Needs and desire, continued

Carrol Cox cbcox at SPAMilstu.edu
Thu Jan 27 17:54:59 MST 2000



Lou,

Note that when Phil responded to this he changed the heading
(correctly I think) to "needs and desireS." Part of my reason for
that is contained in my response on lbo to Charles's last post.
I copy it here.

I don't think this reopens the subject on which Nestor and I
disagree, Freud, because the psychoanalyst at issue here is
immediately Lacan rather than Freud.

----------



Charles Brown wrote:

> When people find their basic "needs" fulfilled
> - and these themselves are very plastic - do they want less or more?
>
> &&&&&&&
>
> CB: First on the plasticity of needs: the idea of "need" is to refer
to
something that is relatively unplastic. It is a necessity, it is a limit

within which we must live such as enough food not to starve. "Want" or
"desire" is intended to refer to those things which are 'plastic".
"Need"
is intended to refer to more rigid requirements.

Charles, you're being sucked in and led where you do not need, and ought

not
desire, to go. "Needs," "necessities," whatever form part of the
definition
of
the value of labor power, and the term is thus implicitly at the very
heart
of
Marx's entire critique of political economy -- and Marx quite sensibly
does
not
let himself be drawn into any endless haggling over definition. There
is,
he
says at one point in *Capital* (Vol. 1) a "moral or historical" element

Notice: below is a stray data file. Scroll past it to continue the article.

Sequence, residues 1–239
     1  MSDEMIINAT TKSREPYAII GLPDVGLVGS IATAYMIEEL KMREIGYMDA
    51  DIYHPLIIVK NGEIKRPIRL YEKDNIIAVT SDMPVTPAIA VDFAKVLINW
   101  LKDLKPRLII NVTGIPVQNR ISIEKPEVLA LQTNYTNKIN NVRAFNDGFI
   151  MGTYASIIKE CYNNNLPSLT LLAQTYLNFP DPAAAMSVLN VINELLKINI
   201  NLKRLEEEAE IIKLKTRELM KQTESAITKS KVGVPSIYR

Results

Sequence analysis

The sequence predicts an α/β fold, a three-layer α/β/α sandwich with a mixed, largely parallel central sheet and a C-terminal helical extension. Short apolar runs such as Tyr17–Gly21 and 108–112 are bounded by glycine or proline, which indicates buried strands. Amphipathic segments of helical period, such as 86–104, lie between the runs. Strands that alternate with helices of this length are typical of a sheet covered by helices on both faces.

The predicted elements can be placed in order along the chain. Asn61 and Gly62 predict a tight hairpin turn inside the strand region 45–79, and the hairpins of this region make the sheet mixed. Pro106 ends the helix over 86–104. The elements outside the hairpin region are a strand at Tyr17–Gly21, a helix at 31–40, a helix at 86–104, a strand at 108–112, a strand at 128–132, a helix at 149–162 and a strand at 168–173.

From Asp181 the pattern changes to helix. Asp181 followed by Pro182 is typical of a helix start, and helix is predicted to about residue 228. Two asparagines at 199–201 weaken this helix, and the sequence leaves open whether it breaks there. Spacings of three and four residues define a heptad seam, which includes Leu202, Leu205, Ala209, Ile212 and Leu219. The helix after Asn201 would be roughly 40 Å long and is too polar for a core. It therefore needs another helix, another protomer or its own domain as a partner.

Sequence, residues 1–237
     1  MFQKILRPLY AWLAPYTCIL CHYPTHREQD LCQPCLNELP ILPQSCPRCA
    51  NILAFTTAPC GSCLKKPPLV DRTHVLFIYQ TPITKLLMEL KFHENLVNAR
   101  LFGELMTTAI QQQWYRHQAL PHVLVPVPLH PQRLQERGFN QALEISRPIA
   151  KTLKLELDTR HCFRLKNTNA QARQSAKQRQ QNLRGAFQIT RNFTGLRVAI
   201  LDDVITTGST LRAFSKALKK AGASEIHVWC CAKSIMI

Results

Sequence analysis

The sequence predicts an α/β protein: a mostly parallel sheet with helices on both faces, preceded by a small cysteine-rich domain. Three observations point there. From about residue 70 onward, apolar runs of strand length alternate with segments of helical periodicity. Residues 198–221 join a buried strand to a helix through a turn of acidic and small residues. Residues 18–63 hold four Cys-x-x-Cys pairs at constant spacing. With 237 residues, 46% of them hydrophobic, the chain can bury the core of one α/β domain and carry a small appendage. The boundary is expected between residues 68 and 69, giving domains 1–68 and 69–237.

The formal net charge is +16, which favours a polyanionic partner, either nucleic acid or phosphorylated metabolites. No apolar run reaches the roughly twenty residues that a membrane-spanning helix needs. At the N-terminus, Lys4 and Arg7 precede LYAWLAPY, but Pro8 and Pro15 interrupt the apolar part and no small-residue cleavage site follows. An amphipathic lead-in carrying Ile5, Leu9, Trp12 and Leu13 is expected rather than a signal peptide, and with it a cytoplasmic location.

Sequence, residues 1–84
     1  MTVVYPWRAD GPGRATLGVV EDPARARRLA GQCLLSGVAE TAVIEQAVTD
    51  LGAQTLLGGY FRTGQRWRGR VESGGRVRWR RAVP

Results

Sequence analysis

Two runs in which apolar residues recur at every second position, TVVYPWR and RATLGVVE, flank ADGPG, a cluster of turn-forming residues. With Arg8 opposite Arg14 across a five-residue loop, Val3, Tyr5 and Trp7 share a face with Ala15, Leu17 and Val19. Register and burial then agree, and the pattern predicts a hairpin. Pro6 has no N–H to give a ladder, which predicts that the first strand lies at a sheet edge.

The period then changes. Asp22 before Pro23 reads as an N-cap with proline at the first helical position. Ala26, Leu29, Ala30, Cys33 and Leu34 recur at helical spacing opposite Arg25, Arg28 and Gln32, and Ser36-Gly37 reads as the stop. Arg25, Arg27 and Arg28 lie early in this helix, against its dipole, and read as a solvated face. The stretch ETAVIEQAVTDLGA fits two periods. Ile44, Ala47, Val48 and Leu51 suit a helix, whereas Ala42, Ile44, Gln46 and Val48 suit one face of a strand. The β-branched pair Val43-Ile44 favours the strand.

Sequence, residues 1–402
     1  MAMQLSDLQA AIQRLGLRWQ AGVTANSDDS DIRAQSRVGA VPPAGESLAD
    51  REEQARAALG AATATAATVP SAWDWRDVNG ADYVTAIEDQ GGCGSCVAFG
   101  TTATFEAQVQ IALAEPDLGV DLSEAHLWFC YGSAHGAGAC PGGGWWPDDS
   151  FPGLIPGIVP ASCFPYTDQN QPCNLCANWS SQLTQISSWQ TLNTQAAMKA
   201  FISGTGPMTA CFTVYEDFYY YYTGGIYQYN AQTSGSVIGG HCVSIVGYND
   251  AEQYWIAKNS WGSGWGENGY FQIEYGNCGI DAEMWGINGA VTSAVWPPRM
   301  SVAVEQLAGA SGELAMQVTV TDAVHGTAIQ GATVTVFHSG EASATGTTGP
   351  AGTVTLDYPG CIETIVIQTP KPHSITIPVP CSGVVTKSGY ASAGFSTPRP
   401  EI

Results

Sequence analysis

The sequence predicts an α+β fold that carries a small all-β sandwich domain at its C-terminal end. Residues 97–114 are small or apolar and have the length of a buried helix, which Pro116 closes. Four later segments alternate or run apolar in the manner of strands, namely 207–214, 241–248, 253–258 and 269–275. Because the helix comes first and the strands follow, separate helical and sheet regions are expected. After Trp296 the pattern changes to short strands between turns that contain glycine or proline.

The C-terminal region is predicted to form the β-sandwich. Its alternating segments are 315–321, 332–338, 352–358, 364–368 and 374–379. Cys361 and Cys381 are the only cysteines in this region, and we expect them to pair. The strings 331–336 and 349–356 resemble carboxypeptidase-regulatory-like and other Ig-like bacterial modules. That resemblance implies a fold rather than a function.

in
the
value of labor power, and it is defined by the stuggle between capital
and
labor -- we are back again, then, to what are perhaps the single two
most
important propositions in Marx: His quotation from Faust (Im Anfang war
die That) and his answer to the reporter's question, What Is?: Struggle.

(Marx does note that it is in fact impossible to say what the minimum
biological necessities for survival are. Attempting to define that would
be
a mug's game, and serious people should not concern themselves with
it.)

There is a fine point here of some importance: Do we want to talk about
"desire" or "desires"?  The latter would be an empirical and historical
investigation of some interest though not great theoretical importance.
The former should be left to the theologians. The only respectable
intellectual I know of who had any truck with it was William Blake,
and it produced some good poetry. But then anti-semitism produced
some good poetry.

Carrol










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